The second thing that people think are boundaries are standing up for yourself. I'll have students that will come to me and say, “Okay, I'm going to start standing up for myself. I'm going to start setting some boundaries.” I really want to be clear that standing up for yourself is not setting a boundary. Standing up for yourself is not even really necessary in the way you mean it most often. Standing up for yourself is usually code for offering resistance or defense. It usually comes from a place of exasperation or anger. That’s when you know that you're coming from a place of exasperation or anger. You're taking an action. Think about the model. You're taking an action from a negative emotion. You're probably going to end up yelling or saying something inappropriate or being like, “Listen. I'm so sick and tired of you doing blah, blah, blah, blah, blah, blah. I'm going to stand up for myself.”
Some days, people are like, “Woah. What the heck just happened?” It’s like if you haven't ever told someone the truth and then all of a sudden you're like, “I'm so sick of you doing this,” then the person may not even know that you're sick of doing that, right? If you remember two things, you can always say no and you don’t have to offer an explanation ever and adults get to behave as they want to, always. Then, you don’t have to get defensive or stick up for yourself. You can simply let people be who they are and you can be who you are and say no.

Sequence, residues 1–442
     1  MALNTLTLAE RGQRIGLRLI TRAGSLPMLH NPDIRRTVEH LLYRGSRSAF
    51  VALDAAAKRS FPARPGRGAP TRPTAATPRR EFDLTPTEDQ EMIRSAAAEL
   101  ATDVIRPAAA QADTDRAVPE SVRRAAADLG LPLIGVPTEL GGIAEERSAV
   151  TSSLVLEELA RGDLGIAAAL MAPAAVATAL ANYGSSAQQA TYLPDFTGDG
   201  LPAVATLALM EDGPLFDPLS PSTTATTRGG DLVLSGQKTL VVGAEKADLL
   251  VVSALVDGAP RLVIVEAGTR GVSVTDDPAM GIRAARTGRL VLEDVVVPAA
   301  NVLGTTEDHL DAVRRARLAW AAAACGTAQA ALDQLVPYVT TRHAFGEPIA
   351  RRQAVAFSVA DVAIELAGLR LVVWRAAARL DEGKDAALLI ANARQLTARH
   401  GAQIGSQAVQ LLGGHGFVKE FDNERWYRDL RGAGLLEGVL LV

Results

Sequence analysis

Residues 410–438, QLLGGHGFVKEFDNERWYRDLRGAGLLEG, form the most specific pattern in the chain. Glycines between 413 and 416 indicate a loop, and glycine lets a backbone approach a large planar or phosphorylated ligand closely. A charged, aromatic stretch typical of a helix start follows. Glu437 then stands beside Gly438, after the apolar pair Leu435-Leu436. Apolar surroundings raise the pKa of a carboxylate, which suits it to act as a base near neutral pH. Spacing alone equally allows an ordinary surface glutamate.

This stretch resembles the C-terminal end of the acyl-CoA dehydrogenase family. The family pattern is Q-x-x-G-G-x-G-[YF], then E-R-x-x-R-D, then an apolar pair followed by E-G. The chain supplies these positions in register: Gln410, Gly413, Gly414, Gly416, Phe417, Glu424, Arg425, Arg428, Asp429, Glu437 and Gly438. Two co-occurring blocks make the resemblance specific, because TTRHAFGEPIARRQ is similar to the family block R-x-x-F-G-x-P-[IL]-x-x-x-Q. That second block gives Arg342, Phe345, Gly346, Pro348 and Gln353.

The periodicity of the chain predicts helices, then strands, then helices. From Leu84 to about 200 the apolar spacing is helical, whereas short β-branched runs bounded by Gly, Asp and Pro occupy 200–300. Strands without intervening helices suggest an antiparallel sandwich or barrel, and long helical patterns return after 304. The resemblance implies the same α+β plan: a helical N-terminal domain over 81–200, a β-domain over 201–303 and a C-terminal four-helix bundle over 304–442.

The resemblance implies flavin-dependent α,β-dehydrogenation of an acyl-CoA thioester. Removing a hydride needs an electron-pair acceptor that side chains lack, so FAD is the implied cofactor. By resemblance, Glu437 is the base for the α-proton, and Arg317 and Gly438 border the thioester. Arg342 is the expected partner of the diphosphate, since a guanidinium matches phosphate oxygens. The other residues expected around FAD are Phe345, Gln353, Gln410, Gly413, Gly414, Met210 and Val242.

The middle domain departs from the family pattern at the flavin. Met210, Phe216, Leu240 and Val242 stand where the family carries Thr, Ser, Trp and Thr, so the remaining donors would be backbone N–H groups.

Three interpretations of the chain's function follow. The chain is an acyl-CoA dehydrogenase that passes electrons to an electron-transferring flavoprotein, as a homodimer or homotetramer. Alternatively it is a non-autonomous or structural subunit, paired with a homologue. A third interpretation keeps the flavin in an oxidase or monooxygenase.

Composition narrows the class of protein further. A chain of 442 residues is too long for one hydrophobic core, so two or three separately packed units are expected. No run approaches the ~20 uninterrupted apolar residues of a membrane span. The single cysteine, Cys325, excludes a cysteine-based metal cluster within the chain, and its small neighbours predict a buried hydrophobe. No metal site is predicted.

Now, if you're willing to say no, you won’t need to stand up for yourself. You’ll just simply say no. I would never use that terminology, “I have to stand up for myself,” because I'm always just telling the truth. No, I don’t want to do that. No, I'm not going to do that. I don’t have to like be like, “Hey, stop asking me to do stuff. I'm going to stand up for myself now.” You can ask me. You can as many times as you want. It’s totally fine. I'm just going to say no and I don’t have to come from a place of anger or exasperation.
Now, the other piece of this that’s really important is you have to let people be wrong about you. We spend a lot of time saying yes when we mean no in a way to manipulate how people think about us. I have a client who keeps giving everyone money in her family. She makes a lot of money so she keeps giving everyone money because she doesn’t want to feel guilty that she has money and they don’t and she wants to help take care of them. What I explained to her is I said, “Listen. The reason you're giving them money is because you're trying to manipulate the way that they think about you. You're telling yourself that it’s coming from this really charitable wonderful place but that’s not how you're feeling.”